U.N. Secretary-General Ban Ki-moon is urging world powers to hold off on possible military action against Syria until a U.N chemical weapons inspection team completes its work in the country.
Mr. Ban said Thursday that the team will leave the country by Saturday and report its findings to him.
He said "diplomacy should be given a chance" as the U.S. and other Western powers consider their response to the Syrian government's alleged use of chemical weapons against civilians last week.
The U.N. team left Damascus in a convoy on Thursday to begin its third day of inspections.
British Prime Minister David Cameron is meeting with parliament on Thursday to discuss the Syria situation.
Amid mounting pressure from lawmakers, his government said Wednesday that Britain would not take part in any military action against Syria until the U.N. team had a chance to report its findings.
In Washington, White House officials plan to brief members of Congress, on Thursday, about intelligence on the alleged poison gas attacks that killed hundreds of civilians in Damascus suburbs.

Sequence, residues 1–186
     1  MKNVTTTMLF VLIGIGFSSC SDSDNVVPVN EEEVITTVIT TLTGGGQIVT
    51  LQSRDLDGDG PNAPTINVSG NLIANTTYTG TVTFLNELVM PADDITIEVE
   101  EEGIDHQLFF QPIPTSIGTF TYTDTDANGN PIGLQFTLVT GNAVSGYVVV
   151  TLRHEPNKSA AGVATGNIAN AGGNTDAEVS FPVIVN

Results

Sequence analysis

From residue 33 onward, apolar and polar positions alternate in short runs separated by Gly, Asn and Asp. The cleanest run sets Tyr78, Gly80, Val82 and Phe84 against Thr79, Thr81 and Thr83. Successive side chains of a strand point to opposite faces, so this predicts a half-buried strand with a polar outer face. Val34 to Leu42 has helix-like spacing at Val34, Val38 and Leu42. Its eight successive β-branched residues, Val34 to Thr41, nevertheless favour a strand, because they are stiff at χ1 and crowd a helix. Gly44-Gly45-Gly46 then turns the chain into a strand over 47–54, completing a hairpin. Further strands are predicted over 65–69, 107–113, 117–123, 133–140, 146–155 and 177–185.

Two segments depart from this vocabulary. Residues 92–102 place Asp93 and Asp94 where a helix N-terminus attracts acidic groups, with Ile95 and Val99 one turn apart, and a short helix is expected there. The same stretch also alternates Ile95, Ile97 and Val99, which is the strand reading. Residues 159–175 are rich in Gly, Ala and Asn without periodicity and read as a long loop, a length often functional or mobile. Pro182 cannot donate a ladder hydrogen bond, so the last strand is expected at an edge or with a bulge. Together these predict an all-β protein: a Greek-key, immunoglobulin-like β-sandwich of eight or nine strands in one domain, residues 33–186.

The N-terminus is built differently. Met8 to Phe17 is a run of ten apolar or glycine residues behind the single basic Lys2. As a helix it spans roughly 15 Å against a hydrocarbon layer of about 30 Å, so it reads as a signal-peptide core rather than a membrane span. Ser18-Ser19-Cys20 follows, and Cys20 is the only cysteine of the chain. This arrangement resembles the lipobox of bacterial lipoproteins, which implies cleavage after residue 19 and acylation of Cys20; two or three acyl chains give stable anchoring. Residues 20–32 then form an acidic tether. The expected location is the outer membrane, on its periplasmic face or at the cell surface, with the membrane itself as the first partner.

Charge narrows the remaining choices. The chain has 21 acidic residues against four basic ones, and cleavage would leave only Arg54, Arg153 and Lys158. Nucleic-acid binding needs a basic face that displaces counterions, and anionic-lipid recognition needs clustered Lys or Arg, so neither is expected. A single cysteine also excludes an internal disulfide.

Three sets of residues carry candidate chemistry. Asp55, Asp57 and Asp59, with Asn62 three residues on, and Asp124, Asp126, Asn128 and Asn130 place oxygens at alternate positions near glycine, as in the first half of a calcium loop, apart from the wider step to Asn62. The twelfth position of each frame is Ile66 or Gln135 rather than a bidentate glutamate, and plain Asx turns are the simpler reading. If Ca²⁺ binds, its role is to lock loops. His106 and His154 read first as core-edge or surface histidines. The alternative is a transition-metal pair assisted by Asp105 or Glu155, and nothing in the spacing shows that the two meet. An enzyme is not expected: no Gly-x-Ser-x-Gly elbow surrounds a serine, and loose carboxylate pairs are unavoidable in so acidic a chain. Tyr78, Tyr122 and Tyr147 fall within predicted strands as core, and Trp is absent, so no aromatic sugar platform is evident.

The Syrian government denies having any role in the alleged attacks. And state media reports say Syrian President Bashar al-Assad said Thursday his country would defend itself against any aggression and emerge "victorious."
Iran warned any Western action against Syria would result in the "imminent destruction of Israel," a U.S. ally in the region.
According to Iranian news reports, Revolutionary Guards Major General Mohammad Ali Jafari also said any U.S. action against Damascus would be like a "second Vietnam" for America.
U.S. President Barack Obama says he has not decided on any action, but he has vowed that those who break international norms need to be held accountable.